First SPMS Patient Dosed With Foralumab Nasal Spray
Foralumab, an investigational anti-CD3 antibody that is administered via a nasal spray, has been given for the first time to a person with secondary progressive multiple sclerosis (SPMS).
It was administered under an Individual Patient Expanded Access Program, which earned approval from the U.S. Food and Drug Administration in April. It seeks to investigate the safety, tolerability, and changes in neurological behaviors after six months of foralumab use.
The first patient was dosed at the Brigham and Women’s Hospital, Harvard Medical School, in Boston, Massachusetts, and will receive 50 micrograms of foralumab into the nose in three-week cycles. Each cycle consists of three doses per week for two weeks, followed by a one-week rest period.
The study also will examine the activation of microglia (cells involved in the brain’s immune system), as well as immunological and neurodegenerative markers, to understand clinical responses associated with the treatment.
“Nasally administered anti-CD3 is an exciting, novel approach that has the ability to provide safe treatment for a form of MS that currently has no effective treatment,” Howard Weiner, MD, the Harvard neurology professor who reformulated foralumab for nasal delivery, said in a press release.
“We are excited to examine this first-in-class approach to treat patients with SPMS for whom no effective treatment option is currently available,” he added.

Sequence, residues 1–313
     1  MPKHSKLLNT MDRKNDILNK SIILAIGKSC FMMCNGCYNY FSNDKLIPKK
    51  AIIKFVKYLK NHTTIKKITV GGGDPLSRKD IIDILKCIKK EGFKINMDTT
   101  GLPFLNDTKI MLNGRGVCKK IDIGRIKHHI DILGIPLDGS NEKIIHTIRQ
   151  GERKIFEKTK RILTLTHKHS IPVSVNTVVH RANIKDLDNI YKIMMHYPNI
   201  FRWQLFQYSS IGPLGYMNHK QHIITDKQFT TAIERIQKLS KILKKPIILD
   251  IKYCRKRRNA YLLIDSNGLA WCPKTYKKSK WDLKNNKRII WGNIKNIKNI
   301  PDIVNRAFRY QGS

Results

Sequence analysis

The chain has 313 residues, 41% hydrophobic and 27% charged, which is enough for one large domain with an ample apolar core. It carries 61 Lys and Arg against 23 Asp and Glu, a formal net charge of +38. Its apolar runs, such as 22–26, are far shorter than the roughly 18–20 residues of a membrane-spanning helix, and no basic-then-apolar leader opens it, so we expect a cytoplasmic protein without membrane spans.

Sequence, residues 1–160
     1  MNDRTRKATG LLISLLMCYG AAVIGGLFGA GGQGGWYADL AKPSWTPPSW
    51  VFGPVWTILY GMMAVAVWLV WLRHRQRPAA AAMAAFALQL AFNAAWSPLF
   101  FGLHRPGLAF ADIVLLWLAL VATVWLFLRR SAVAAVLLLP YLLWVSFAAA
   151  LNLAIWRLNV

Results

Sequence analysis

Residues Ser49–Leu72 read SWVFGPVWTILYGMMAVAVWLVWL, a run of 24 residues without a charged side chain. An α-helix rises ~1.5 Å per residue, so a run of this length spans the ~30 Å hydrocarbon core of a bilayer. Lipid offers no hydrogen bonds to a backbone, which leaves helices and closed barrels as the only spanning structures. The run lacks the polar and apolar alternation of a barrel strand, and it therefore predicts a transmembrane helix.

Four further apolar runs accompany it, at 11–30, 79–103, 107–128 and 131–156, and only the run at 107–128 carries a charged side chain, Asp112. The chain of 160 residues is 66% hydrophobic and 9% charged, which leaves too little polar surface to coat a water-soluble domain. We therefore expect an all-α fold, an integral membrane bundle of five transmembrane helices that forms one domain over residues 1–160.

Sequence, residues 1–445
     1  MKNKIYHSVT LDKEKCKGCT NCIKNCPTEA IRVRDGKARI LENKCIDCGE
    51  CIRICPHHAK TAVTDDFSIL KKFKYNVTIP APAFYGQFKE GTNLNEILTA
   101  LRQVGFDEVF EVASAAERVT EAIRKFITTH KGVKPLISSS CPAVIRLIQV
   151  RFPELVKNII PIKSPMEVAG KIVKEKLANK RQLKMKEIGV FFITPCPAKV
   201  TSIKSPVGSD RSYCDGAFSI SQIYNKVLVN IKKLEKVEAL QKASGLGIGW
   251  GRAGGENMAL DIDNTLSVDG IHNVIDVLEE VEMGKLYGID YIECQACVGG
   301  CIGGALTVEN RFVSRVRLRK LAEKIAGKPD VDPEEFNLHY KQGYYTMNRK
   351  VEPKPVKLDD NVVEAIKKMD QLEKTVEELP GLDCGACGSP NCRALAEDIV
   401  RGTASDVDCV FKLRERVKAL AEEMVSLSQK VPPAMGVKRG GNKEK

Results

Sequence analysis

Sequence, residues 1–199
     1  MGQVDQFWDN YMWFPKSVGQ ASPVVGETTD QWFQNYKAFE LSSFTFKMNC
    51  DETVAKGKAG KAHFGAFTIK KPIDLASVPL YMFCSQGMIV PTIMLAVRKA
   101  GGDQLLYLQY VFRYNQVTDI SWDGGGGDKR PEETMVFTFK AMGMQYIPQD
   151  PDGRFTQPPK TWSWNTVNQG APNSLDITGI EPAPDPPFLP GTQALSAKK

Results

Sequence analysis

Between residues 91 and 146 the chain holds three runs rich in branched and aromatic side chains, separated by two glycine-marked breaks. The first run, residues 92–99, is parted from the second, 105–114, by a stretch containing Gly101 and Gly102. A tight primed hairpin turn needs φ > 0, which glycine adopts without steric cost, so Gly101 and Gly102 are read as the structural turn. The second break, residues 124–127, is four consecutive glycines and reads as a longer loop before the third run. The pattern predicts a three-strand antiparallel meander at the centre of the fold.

Foralumab is an experimental antibody that targets the CD3 receptor on immune T-cells. This dampens the potential damaging immune responses of T-cells and increases the activity of regulatory T-cells (negative regulators of the immune system), which is expected to benefit people with autoimmune conditions like MS.
Tiziana Life Sciences, the therapy’s developer, recently completed a Phase 1 clinical trial of foralumab in healthy individuals. Participants in this trial received ascending doses of 10, 50, and 250 micrograms once daily for five consecutive days. Tiziana reported the treatment was well-tolerated, with no treatment-related safety issues at any of the doses tested.
The company later reported positive data from an exploratory clinical study of nasal foralumab in COVID-19 patients in Brazil.
In that study, 40 patients were assigned randomly to receive either 100 micrograms of nasal foralumab plus three days of priming with 6 mg oral dexamethasone (12 participants), nasal foralumab alone (12 patients), or no treatment (16 patients) for 10 days. Similar to the other Phase 1 trial, results indicated that foralumab was well-tolerated with no apparent severe adverse side effects.
This trial also indicated that foralmab significantly reduced lung inflammation, as well as the levels of two inflammation biomarkers: interleukin-6 and C-reactive protein.
“Effective and targeted treatments for progressive MS are urgently needed,” said Tanuja Chitnis, a senior neurologist at Brigham and Women’s Hospital, where the current study takes place. “Nasal foralumab could revolutionize treatment for this disabling form of disease.”